Table 1.

The usage of patent in an e-mobility study extracted from abstracts and methods.

4.3. Limitations and potential topics

4.3.1. Recent research limitations

Some of the deficiencies inherent in patent research are synthesized and divided into groups of limitations regarding patents or data sources [21, 53, 54] and patent-based indicators or approaches [47, 55, 56], respectively, thereby pinpointing areas of improvement in the further study on e-mobility. However, the following limitations should not be viewed in isolation, and the specificity of e-mobility field, especially the novelty and complexity of technologies [19, 21], needs to be considered in addition to patent-oriented issues (Table 2).

CategoryLimitations of patents or data sources in itselfShortcomings of patent-based indicators or approaches
Limitations and drawbacks-Not all technological knowledge is covered by patent data as not all inventions are patentable and not all patentable innovations are really being patented.
-Web search is relied on secondary, and other sources are emerging, which may cause a shift in the category of search engine users.
-Firms may exhibit differences in their tendencies to patent and their willingness to publish strategic decisions, thus affecting patent database.
-It is difficult to cover every value chain step with relevant IPC codes.
-The analysis of the revealed technological advantage (RTA) is always subject to consideration of absolute numbers within the technologies.
-Forming technology clusters through affinity propagation (AP) is susceptible and the interpretation of the technology clusters by using extracted core keywords is qualitative judgment.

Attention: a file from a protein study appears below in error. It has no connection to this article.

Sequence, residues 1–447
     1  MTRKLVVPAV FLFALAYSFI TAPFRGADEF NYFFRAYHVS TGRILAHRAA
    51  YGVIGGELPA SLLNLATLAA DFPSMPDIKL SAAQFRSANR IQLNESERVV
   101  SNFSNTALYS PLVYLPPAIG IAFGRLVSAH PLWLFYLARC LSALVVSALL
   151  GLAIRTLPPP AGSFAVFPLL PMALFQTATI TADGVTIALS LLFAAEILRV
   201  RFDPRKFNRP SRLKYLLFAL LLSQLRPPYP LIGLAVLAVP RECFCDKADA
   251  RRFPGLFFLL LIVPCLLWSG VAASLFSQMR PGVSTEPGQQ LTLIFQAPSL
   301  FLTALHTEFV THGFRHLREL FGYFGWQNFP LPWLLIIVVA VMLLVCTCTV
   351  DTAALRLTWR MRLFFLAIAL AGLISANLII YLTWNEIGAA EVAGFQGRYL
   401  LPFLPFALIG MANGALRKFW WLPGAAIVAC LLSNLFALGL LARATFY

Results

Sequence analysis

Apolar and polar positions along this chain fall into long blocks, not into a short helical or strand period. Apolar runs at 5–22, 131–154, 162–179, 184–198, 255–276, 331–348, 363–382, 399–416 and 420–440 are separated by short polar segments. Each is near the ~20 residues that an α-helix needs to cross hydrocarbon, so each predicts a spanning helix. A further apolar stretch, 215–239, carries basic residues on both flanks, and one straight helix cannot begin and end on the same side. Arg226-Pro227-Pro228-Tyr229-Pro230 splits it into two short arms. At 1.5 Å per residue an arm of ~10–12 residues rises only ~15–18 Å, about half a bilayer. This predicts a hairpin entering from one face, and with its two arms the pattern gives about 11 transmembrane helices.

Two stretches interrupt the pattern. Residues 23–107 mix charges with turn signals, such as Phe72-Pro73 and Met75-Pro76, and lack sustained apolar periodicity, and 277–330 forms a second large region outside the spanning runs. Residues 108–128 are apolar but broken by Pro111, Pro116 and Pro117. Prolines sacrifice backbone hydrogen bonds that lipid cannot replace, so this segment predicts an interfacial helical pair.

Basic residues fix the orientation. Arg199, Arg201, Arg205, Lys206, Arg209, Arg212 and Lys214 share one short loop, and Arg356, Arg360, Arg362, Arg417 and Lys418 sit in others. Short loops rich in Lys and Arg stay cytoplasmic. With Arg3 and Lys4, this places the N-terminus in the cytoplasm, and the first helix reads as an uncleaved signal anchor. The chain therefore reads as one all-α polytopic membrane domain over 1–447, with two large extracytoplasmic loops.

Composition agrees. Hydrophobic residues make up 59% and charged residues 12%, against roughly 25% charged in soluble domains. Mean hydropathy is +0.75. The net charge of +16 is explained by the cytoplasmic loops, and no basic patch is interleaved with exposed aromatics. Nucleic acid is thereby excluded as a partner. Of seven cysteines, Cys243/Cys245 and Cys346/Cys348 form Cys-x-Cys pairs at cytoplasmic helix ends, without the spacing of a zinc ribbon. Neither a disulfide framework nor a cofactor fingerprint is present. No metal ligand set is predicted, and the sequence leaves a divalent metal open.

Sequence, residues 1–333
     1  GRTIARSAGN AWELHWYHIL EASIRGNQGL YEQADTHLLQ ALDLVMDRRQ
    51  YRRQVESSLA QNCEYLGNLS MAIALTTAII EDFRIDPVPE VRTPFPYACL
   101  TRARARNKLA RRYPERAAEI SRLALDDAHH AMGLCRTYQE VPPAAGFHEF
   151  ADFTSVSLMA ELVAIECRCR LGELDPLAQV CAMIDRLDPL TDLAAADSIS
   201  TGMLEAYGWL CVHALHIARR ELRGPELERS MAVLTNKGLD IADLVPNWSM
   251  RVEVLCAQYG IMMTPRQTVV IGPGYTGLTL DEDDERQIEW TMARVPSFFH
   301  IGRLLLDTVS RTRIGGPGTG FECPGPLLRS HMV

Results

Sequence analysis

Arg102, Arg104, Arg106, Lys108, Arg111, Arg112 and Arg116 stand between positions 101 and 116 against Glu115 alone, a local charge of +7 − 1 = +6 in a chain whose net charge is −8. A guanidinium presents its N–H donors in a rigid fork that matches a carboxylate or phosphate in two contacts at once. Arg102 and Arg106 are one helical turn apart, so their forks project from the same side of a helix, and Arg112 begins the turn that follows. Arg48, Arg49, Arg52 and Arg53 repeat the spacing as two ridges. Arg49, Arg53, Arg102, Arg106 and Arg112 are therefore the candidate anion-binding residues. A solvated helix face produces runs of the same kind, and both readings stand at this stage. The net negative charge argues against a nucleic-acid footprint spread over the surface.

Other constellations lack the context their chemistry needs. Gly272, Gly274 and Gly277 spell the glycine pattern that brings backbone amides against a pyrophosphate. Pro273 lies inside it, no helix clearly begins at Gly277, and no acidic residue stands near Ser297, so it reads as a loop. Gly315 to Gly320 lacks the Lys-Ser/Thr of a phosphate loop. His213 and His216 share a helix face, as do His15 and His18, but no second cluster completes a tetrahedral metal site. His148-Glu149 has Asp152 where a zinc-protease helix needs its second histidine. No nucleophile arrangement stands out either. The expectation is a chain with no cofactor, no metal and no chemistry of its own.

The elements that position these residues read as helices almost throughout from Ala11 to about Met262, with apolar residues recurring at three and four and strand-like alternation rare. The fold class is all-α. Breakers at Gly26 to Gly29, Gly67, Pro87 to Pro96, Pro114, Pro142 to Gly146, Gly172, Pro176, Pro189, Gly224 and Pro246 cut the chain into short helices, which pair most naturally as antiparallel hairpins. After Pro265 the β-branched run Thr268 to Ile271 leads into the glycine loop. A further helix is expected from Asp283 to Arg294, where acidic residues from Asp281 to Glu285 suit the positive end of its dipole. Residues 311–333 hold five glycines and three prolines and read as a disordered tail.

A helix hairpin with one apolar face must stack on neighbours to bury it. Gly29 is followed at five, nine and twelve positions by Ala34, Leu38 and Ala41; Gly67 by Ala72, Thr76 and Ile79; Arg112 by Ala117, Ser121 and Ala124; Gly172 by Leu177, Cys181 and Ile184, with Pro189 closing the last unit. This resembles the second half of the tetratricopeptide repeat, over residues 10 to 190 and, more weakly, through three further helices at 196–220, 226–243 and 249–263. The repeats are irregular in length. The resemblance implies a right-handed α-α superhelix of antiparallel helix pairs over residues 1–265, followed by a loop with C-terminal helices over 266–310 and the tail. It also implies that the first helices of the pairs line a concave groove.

-Identifying important groups and the total groups that form a particular technology affects forecast.
-Patent counts are not always representative for the success of the invention as its commercialization is not guaranteed.

Table 2.

Recent research limitations stated in conclusive parts of publications (since 2015).

4.3.2. Potential topics

A series of up-to-date topics captured from citing articles based on recent highly cited ones in Table 3 could be classified into the extension of the specific technology discussion, patent-based analysis, and research on innovation system or policies in the field of e-mobility [47, 57, 58, 59, 60, 61, 62]. The classification of additional research perspectives is inevitably influenced by the usage of patent in highly cited papers (Table 1). More specifically, a review on patented technologies has developed the base for further experimental studies, and papers adopting patent-based indicators could arouse growing interests in examining the pattern of technological change [21, 63]. Patents combined with other format of data, such as scientific literatures, surveys, interviews, or press releases, may contribute to a more comprehensive understanding of relevant policy and innovation system research [48, 54].

Times cited/Tittle (purpose)Cited ideaFurther study
18/Recent commercial free-piston engine developments for automotive applications (reviewing commercial developments in free-piston engine systems by looking at recent publications and patent documents)“…discussed the basic features of a free-piston engine generator and the dynamics of the engine …”Experimental study of a free-piston linear generator
15/Identifying trends in battery technologies with regard to electric mobility: evidence from patenting activities along and across the battery value chain (applying patent families as technological indicators in order to analyze the research activities of each step of the designed battery value chain individually and in comparison with each other to identify and discuss trends regarding the technologies associated with electric vehicles)“…lithium-ion batteries have dominated very quickly…”
“…the booming consumer electronics industry rapidly changed the economic and social landscape…”
“…patent based studies have noted strong interest in radical innovation paths…”
Patent study on the automotive supply industry, technologies’ diffusion, technological distance, technology landscape, and innovation network